National Park SystemSee also: List of the United States National Park System official units and List of areas in the United States National Park System Further information: African-American Heritage Sites (U.S. National Park Service), Hispanic Heritage Site, Native American Heritage Sites (U.S. National Park Service), and Women's History Sites (U.S. National Park Service)
National Park System is a term that describes the collection of all units managed by the National Park Service. The title or designation of a unit need not include the term park; indeed, most do not. The system encompasses approximately 84.4 million acres (338,000 km²), of which more than 4.3 million acres (17,000 km²) remain in private ownership. The largest unit is Wrangell-St. Elias National Park and Preserve, Alaska. At 13,200,000 acres (53,000 km²), it is over 16 percent of the entire system. The smallest unit in the system is Thaddeus Kosciuszko National Memorial, Pennsylvania, at 0.02 acre (80 m²).
The National Park System (NPS) includes all properties managed by the National Park Service (also, confusingly, "NPS"). The System as a whole is considered to be a national treasure of the United States, and some of the more famous national parks and monuments are sometimes referred to metaphorically as "crown jewels".
In addition to administering its units and other properties, the National Park Service also provides technical and financial assistance to several "affiliated areas" authorized by Congress. The largest affiliated area is New Jersey Pinelands National Reserve at 1,164,025 acres (4711 km²). The smallest is Benjamin Franklin National Memorial at less than 0.01 acres (40 m2).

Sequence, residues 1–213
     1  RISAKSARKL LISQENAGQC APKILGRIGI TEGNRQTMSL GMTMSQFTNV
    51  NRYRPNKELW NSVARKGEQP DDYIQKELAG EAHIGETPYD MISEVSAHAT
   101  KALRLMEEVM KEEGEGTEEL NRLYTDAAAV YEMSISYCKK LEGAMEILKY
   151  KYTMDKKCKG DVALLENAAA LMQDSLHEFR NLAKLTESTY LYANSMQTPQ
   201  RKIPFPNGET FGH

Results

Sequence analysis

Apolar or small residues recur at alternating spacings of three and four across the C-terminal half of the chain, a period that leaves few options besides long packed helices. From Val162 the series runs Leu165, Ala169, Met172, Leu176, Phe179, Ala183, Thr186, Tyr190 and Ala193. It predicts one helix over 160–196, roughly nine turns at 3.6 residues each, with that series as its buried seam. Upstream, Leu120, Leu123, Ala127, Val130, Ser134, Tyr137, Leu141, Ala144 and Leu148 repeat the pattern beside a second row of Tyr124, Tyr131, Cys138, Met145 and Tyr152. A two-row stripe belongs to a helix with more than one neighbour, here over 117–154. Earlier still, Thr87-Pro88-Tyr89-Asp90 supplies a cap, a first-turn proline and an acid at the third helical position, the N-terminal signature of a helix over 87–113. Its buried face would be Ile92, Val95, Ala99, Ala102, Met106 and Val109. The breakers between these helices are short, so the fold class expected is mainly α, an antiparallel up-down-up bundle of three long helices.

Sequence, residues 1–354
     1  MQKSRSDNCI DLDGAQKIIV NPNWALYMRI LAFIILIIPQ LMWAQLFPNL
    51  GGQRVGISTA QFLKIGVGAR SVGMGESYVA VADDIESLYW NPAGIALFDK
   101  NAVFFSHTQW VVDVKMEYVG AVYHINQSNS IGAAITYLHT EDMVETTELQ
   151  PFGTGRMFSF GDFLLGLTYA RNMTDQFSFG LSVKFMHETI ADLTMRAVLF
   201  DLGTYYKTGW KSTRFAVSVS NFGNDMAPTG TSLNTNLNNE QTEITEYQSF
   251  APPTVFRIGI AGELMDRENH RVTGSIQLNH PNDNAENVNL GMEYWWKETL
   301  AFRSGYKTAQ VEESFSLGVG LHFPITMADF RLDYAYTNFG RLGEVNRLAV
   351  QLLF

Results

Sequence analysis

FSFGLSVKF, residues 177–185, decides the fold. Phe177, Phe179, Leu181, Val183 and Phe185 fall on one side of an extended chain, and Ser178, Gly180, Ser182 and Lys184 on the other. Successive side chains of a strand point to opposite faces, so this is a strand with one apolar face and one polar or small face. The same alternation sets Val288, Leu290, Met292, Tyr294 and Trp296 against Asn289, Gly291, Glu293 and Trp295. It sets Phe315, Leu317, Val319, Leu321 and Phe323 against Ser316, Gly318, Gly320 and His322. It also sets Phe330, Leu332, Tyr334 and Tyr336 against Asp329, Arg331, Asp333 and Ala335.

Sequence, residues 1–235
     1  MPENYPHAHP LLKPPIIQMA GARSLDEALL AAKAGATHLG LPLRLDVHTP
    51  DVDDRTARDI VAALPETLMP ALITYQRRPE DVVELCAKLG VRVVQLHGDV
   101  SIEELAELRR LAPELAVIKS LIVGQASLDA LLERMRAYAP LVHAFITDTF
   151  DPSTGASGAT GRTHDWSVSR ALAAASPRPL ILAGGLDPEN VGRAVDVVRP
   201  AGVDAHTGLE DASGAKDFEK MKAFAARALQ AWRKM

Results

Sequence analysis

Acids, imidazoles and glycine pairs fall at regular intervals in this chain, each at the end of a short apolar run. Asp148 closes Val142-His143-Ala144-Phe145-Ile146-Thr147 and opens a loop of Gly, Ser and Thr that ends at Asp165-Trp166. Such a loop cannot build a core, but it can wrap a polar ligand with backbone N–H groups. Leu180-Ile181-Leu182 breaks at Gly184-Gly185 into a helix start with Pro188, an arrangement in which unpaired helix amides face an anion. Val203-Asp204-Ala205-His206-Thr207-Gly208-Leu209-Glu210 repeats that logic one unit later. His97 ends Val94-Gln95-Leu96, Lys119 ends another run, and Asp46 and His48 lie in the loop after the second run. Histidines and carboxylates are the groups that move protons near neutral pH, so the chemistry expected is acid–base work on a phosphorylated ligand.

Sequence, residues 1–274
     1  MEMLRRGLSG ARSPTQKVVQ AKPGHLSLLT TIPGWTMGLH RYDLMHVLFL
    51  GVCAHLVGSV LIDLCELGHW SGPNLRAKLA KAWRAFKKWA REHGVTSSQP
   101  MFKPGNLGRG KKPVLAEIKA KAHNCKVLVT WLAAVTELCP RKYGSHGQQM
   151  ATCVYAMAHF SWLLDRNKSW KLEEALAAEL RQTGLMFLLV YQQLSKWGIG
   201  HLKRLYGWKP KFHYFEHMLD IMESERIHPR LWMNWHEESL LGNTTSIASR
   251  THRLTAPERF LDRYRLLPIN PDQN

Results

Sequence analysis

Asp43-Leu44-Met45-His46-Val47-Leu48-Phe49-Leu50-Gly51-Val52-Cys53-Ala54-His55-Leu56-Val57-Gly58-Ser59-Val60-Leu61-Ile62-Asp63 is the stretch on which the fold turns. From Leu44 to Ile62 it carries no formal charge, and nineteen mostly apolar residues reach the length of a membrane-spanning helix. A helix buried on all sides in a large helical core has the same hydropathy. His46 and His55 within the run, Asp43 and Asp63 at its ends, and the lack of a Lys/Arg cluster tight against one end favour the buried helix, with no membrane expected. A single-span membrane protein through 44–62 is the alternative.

Although all units of the National Park System in the United States are the responsibility of a single agency, they are all managed under individual pieces of authorizing legislation or, in the case of national monuments created under the Antiquities Act, presidential proclamation. For example, because of provisons within their enabling legislation, Congaree National Park is almost entirely wilderness area, yet Yosemite allows unique developments such as the Badger Pass Ski Area and the O'Shaughnessy Dam within its boundaries. Death Valley National Park has an active mine legislated within its boundaries. Such irregularities would not be found in other parks unless specifically provided for by the legislation that created them.
Many parks charge an entrance fee ranging from US$3 to $25 per week. Visitors can buy a federal interagency annual pass, known as the "America the Beautiful – National Parks and Federal Recreational Lands Pass," allowing unlimited entry to federal fee areas (USDA Forest Service, National Park Service, US Fish & Wildlife Service, Bureau of Land Management, and Bureau of Reclamation) for $80 per year. This pass applies to entry fees only. Other applicable fees, such as camping, and backcountry access, still apply. U.S. citizens who are 62+ years old may purchase a version with the same privileges for $10, and citizens with permanent disabilities may receive a free version.
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Famous quotes containing the words national park, national, park and/or system:
“It is not unkind to say, from the standpoint of scenery alone, that if many, and indeed most, of our American national parks were to be set down on the continent of Europe thousands of Americans would journey all the way across the ocean in order to see their beauties.”
—Franklin D. Roosevelt (18821945)
“The national anthem belongs to the eighteenth century. In it you find us ordering God about to do our political dirty work.”
—George Bernard Shaw (18561950)
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And the ominous, ominous dancing ahead.
We sat in the car park till twenty to one
And now Im engaged to Miss Joan Hunter Dunn.”
—Sir John Betjeman (19061984)
“I need not say what match I would touch, what system endeavor to blow up; but as I love my life, I would side with the light, and let the dark earth roll from under me, calling my mother and my brother to follow.”
—Henry David Thoreau (18171862)